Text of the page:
The Newer New Media

Check this out. Philip Crowley answering questions in the daily State Department Press Briefing. Quoted un-interrupted for effect.

QUESTION: Some of the governments that have been mentioned in these cables are heavily censoring press in terms of releasing some of this information. How do you feel about that? (Laughter.)

MR. CROWLEY: The official position of the United States Government and the State Department has not changed. We value a vibrant, active, aggressive media. It is important to the development of civil society in this country and around the world. Our views have not changed, even if occasionally there are activities which we think are unhelpful and potentially harmful.

QUESTION: Do you know if the State Department regards WikiLeaks as a media organization?

MR. CROWLEY: No. We do not.

QUESTION: And why not?

MR. CROWLEY: WikiLeaks is not a media organization. That is our view.

QUESTION: So P.J., going back to the answer to your last question, have you contacted governments that have been censoring this to protest that – or sites that they have –

MR. CROWLEY: I’m not in a position to say what governments have done or what conversations have occurred between governments and media. There’s – certainly, there are countries around the world that do not have as robust a focus on these issues as ours does. That’s probably not a surprise to us, and when we do meet with these governments, we talk about media issues among key human rights issues. Our dialogue is not going to change over this.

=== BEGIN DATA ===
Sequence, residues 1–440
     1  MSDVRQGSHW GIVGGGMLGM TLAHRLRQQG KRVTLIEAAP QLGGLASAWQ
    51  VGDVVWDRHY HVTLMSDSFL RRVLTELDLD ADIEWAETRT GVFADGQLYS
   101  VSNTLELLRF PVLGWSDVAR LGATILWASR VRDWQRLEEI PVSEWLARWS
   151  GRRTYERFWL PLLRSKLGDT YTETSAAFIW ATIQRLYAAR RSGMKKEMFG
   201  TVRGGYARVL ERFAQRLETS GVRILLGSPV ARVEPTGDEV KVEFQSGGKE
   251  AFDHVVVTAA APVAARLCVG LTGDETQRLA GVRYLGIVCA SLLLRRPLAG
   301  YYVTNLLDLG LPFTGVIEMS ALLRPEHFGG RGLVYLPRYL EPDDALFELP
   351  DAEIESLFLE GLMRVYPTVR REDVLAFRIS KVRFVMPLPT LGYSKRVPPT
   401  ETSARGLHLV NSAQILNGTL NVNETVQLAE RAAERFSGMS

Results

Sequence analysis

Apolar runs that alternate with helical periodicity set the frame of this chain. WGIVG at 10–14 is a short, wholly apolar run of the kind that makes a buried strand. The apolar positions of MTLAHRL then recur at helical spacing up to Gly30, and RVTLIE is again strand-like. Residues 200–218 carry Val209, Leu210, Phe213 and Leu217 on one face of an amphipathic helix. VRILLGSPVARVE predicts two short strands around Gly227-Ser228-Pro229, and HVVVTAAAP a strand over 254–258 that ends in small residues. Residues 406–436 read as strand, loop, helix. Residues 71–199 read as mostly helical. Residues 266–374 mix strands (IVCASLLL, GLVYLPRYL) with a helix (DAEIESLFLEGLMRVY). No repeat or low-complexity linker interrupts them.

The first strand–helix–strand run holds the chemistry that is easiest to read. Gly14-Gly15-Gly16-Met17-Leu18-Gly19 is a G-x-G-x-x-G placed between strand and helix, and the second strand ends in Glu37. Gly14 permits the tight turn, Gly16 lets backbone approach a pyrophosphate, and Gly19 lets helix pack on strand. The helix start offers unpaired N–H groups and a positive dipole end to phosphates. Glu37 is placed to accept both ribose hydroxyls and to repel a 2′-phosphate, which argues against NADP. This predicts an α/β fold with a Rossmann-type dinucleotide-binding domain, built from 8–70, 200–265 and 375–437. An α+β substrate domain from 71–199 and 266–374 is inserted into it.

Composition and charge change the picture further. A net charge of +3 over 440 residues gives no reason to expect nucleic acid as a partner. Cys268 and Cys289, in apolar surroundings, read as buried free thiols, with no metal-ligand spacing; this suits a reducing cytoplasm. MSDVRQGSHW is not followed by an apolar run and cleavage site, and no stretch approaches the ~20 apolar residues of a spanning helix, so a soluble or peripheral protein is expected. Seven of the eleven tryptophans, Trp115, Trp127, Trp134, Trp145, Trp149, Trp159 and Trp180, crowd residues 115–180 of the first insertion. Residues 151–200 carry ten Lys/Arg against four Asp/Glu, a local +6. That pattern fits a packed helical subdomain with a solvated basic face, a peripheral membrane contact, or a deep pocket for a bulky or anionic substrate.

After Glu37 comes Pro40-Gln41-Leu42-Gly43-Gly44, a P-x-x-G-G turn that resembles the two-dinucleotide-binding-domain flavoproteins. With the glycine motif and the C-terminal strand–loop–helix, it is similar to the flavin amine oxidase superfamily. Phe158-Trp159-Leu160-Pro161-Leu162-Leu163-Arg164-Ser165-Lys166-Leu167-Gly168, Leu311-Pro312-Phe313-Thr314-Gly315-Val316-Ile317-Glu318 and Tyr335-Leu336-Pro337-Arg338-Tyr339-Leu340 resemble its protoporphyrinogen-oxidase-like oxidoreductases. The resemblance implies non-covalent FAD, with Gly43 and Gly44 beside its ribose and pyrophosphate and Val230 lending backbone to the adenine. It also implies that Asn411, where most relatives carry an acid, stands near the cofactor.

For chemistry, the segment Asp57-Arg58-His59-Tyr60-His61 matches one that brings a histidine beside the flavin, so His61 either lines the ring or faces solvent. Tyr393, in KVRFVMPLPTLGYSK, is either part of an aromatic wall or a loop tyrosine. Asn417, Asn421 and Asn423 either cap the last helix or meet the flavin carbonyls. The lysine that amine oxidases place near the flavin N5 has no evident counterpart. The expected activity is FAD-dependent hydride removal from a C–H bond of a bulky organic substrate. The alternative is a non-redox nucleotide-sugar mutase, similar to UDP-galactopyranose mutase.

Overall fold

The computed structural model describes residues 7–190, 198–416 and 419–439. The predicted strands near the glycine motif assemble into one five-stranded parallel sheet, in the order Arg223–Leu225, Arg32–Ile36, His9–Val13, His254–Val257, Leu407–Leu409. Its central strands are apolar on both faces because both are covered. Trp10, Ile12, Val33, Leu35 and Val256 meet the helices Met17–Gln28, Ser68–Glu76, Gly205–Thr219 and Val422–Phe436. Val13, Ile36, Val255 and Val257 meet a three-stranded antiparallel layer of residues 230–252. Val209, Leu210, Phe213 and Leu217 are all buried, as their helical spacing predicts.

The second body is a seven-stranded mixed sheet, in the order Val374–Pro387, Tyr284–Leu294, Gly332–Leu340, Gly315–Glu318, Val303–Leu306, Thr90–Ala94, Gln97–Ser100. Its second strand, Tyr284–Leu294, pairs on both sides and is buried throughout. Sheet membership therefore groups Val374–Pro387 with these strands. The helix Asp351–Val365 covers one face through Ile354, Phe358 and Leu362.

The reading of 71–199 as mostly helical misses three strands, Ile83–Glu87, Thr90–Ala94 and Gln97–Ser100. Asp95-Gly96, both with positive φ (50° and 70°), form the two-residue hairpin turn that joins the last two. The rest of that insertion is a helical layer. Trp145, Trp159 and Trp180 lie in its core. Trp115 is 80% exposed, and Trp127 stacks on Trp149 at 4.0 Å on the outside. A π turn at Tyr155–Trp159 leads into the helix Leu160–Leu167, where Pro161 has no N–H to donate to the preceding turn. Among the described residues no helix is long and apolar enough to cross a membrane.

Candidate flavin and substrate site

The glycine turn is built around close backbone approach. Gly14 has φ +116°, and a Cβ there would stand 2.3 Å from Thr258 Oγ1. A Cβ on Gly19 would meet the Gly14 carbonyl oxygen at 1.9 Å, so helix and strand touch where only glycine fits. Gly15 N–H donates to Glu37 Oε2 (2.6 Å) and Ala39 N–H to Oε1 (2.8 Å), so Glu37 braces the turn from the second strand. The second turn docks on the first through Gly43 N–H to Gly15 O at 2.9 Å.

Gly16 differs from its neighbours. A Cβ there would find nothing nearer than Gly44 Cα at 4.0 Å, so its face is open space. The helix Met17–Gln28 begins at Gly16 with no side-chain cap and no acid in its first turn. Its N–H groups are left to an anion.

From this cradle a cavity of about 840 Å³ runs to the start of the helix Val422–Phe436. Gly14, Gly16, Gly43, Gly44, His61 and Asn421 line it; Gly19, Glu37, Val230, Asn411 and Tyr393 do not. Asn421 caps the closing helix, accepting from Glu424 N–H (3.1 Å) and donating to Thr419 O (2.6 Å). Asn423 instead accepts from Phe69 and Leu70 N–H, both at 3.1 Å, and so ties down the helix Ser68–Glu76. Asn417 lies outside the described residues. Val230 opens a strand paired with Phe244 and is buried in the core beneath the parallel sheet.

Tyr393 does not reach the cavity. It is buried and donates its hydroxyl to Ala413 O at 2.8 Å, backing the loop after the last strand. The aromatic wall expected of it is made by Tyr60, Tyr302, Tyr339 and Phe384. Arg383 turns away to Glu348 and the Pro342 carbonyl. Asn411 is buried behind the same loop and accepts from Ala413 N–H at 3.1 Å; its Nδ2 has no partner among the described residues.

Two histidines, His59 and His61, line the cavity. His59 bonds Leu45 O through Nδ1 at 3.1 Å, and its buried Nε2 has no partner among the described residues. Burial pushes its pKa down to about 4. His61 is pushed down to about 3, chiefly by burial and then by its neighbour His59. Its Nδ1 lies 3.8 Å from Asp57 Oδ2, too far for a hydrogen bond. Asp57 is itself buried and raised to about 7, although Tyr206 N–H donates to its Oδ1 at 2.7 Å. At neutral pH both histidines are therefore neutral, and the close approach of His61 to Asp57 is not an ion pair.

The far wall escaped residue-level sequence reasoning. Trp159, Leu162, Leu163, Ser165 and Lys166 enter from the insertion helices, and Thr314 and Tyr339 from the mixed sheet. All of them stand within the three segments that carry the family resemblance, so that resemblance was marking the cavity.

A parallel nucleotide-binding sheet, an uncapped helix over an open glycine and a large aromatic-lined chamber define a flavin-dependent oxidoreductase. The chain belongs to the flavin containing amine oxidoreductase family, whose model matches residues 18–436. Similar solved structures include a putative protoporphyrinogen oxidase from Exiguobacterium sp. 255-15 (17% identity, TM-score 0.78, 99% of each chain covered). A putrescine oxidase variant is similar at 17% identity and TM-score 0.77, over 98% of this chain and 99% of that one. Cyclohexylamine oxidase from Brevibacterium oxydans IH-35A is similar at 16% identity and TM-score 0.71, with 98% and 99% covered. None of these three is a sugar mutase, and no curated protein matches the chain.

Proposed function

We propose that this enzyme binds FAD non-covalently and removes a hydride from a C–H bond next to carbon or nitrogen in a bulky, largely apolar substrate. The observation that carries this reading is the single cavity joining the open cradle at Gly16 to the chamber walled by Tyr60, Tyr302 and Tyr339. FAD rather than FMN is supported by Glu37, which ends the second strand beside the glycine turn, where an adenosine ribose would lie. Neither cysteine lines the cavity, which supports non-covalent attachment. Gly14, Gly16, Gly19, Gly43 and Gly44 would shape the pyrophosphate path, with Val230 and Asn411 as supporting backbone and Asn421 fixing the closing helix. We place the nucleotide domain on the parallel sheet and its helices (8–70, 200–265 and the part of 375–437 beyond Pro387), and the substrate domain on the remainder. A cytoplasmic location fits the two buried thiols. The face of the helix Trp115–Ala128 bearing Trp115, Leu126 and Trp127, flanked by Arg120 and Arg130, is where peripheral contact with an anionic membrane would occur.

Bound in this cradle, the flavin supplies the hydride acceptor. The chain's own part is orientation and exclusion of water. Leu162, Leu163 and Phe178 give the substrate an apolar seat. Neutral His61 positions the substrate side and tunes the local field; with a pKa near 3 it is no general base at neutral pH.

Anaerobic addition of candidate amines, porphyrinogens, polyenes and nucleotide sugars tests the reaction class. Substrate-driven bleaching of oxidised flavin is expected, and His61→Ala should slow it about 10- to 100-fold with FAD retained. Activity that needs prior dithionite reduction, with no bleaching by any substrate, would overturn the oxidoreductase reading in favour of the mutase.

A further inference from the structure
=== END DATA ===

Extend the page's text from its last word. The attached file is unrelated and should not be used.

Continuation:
QUESTION: P.J., on that subject of WikiLeaks, Amazon, as we know, did have them on their server for a time and then stopped doing that. And there’s a human rights group that says that Amazon was directed by the U.S. Government to stop that relationship. Do you know anything –

MR. CROWLEY: All I can say is I’m not aware of any contacts between the Department of State and Amazon.

QUESTION: Or the U.S. Government or just State?

MR. CROWLEY: I’m not in a position on this particular issue to talk about the entire government. I’m just not aware of any contacts directly.

QUESTION: From your perspective, what is WikiLeaks? How do you define them, if it is not a media organization, then?

MR. CROWLEY: Well, as the Secretary said earlier this week, it is – one might infer it has many characteristics of some internet sites. Not every internet site you would call a media organization or a news organization. We’re focused on WikiLeaks’s behavior, and I have had personally conversations with media outlets that are reporting on this, and we have had the opportunity to express our specific concerns about intelligence sources and methods and other interests that could put real lives at risk.

Mr. Assange, in a letter to our Ambassador in the United Kingdom over the weekend, after documents had been released to news organizations, made what we thought was a halfhearted gesture to have some sort of conversation, but that was after he released the documents and after he knew that they were going to emerge publicly. So I think there’s been a very different approach. And Mr. Assange obviously has a particular political objective behind his activities, and I think that, among other things, disqualifies him as being considered a journalist.

QUESTION: What is his political objective?